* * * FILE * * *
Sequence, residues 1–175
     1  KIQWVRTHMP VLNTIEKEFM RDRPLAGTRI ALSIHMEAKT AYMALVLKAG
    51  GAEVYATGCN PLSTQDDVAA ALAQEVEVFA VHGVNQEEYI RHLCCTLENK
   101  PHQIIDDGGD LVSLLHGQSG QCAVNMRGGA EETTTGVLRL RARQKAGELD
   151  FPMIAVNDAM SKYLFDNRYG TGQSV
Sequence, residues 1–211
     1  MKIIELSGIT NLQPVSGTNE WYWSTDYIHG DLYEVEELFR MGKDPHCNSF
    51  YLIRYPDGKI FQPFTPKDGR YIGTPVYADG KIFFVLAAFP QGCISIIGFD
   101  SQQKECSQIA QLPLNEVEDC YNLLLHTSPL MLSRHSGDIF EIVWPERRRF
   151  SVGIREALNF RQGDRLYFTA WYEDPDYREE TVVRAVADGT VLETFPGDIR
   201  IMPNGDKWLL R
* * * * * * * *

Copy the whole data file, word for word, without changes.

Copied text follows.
Sequence, residues 1–175
     1  KIQWVRTHMP VLNTIEKEFM RDRPLAGTRI ALSIHMEAKT AYMALVLKAG
    51  GAEVYATGCN PLSTQDDVAA ALAQEVEVFA VHGVNQEEYI RHLCCTLENK
   101  PHQIIDDGGD LVSLLHGQSG QCAVNMRGGA EETTTGVLRL RARQKAGELD
   151  FPMIAVNDAM SKYLFDNRYG TGQSV
Sequence, residues 1–211
     1  MKIIELSGIT NLQPVSGTNE WYWSTDYIHG DLYEVEELFR MGKDPHCNSF
    51  YLIRYPDGKI FQPFTPKDGR YIGTPVYADG KIFFVLAAFP QGCISIIGFD
   101  SQQKECSQIA QLPLNEVEDC YNLLLHTSPL MLSRHSGDIF EIVWPERRRF
   151  SVGIREALNF RQGDRLYFTA WYEDPDYREE TVVRAVADGT VLETFPGDIR
   201  IMPNGDKWLL R